Dr. Samokhvalov is a Staff Psychiatrist and Clinician-Scientist at the Centre for Addiction and Mental Health (CAMH) and an Assistant Professor at the Department of Psychiatry of University of Toronto. Dr. Samokhvalov serves on a number of hospital committees including Pharmacy and Therapeutics subcommittee of the Medical Advisory Committee. Dr. Samokhvalov has taken an active part in development of CAMH Integrated Care Pathway for Major Depressive Disorder and Alcohol Dependence. He has an excellent track record of formal or informal implementation activities that range from implementation of new treatment approaches in his clinical practice. Dr. Samokhvalov completed his MD and PhD at Kharkiv National Medical University (Ukraine). He has 12 years of clinical experience as a psychiatrist in Canada and internationally. He has also been a Principal, Co-investigator, key collaborator and consultant on multiple research projects and grant proposals and authored 63 published works with the main focus on addictions and concurrent disorders. In 2014 Dr. Samokhvalov was the recipient of the Physician of Year Award at CAMH.

Future plans
Ms. Awan and Dr. Samokhvalov are delighted to be the inaugural chair and co-chair of the Canadian Section of the European Pathway Association. We are excited to officially start collaborations with our Canadian members and colleagues internationally with a common goal of improving the quality of care through the implementation of the ICP paradigm. We are both passionate about Integrated Care Pathways and have recently received a grant to disseminate one of our CAMH ICPs at eight other health facilities within the province of Ontario, Canada. This will allow us to work with specialists across multiple disciplines and variety of settings. Our primary goals for the Canadian Section of the European Pathways Association are to increase awareness about Integrated Care Pathways across Canada and to engage more specialists within the Canadian Section. We also look forward to continue spreading the ICP knowledge through presentations at scientific forums, nationally and internationally, as well as to host gatherings for our members in Canada.

100th Care pathway conference in Japan

Japanese translation of E-P-A definition of care pathway

Japanese translation of E-P-A definition of care pathway

Dr. Hidehisa Soejima, president of the Japanese Society on Clinical Pathways, invited Prof. Kris Vanhaecht, secretary general of E-P-A, to give the key note lecture during the 100th Care Pathway Conference in the Saiseikai Kumamoto Hospital in Japan. E-P-A and the Japanese Society have a long-lasting partnership and have been sharing knowledge during E-P-A summer schools, masterclasses and 7 years ago, also our president Prof. Panella already was invited to Japan.

JCPAKris had the opportunity to visit the Saiseikai Kumamoto Hospital and meet the Total Quality Management department and Care Pathway team. Dr. Soejima presented the new ICT support system for Care Pathways that was recently updated and that can both support the organization of the care process and provide online state of the art feedback to the clinicians and managers. Not only length of stay and cost data are included in the feedback loop but also data on the variance tracking. Based on this information the daily organization of the care process and the care pathway templates can be updated and revised. During the weekly Total Quality Management team meeting, the data are discussed and improvement projects are launched.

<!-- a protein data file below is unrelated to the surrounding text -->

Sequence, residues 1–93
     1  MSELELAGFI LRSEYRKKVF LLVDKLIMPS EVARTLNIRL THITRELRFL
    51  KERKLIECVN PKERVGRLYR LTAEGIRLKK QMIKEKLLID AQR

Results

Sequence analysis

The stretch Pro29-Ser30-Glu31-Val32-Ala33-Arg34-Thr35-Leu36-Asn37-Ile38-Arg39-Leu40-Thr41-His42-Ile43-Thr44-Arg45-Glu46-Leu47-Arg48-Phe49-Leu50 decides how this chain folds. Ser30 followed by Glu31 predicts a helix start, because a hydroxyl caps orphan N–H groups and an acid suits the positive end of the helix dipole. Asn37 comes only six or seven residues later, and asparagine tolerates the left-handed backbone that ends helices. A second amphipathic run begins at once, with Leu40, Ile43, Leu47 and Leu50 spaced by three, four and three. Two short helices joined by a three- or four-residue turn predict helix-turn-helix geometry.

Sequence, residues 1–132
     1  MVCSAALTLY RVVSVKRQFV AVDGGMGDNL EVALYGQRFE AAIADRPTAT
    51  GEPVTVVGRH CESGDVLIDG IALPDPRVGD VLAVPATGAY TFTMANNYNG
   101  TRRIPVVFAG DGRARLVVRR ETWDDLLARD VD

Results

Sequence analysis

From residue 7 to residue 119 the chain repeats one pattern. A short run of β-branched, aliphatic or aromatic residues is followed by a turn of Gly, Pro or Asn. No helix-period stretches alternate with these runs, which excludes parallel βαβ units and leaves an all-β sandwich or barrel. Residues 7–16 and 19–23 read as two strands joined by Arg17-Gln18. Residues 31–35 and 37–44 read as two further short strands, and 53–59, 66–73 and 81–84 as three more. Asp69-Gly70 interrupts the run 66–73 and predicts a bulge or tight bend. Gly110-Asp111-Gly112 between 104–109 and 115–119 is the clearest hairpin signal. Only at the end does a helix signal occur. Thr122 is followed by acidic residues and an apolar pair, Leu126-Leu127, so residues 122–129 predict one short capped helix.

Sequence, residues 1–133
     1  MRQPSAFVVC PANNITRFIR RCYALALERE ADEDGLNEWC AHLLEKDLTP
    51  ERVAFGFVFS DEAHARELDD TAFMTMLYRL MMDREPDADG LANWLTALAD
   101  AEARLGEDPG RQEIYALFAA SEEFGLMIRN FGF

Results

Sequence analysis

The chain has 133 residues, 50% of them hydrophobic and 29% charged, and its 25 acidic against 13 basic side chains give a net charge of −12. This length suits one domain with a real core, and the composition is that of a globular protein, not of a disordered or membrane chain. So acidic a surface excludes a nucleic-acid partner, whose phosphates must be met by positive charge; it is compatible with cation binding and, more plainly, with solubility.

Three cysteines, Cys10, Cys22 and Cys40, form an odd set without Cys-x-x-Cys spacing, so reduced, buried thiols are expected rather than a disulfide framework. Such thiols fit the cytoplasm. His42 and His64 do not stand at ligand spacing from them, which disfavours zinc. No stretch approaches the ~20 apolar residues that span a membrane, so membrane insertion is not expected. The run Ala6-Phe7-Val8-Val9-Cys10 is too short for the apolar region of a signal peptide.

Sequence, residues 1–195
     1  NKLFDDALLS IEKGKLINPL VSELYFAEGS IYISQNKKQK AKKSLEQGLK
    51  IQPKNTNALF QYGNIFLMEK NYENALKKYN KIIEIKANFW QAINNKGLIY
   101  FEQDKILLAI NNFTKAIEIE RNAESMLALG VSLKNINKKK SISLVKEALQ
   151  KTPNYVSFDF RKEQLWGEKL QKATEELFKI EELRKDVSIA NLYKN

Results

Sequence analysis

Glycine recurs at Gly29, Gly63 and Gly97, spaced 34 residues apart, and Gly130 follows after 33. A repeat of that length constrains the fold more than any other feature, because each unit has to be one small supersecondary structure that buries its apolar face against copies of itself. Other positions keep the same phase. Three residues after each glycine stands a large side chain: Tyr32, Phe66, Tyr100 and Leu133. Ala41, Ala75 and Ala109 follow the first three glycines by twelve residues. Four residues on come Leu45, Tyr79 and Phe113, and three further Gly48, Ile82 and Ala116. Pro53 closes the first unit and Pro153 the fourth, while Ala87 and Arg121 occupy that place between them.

It was interesting to see that this hospital which is accredited by the Joint Commission International included the care pathway projects as strategic pillars in the overall quality improvement system. It was surprising for Kris to see that for example the compliance to the WHO Surgical Safety Checklist was 100%, not the type of result we see in other countries or hospitals. When Kris asked how this is possible, the answer was very clear: “Rule number one in Japan is: You break no rules!”. 

More than 300 people participated to the 100th Care Pathway Conference in the Kumamoto Hospital. More than 170 people came from all over Japan to participate to this meeting. Dr. Machida, Vice President of the Kumamoto Hospital and alumni of the E-P-A masterclass, chaired this conference. Dr. Soejima presented the relation between working with Care Pathways and

Dr. Soejima

Dr. Soejima

the leadership strategies and pros & cons of the Japanese culture. After these presentations a multidisciplinary team presented their care pathway for hip fracture. Seven team members each presented their role in this pathway and all of these mini-presentations were supported with up to date data on their improvement (kaizen) cycles. As last speaker of the day, Kris presented his experience and view on the role of care pathways in hospital management and the challenges for the future regarding the relation between pathways and outcome indicators.

E-P-A hereby thanks the Japanese Society for the ongoing friendship and look forward to future opportunities to share knowledge and expertise.

Dr. Machida and prof. Vanhaecht

Prof. Vanhaecht and dr. Machida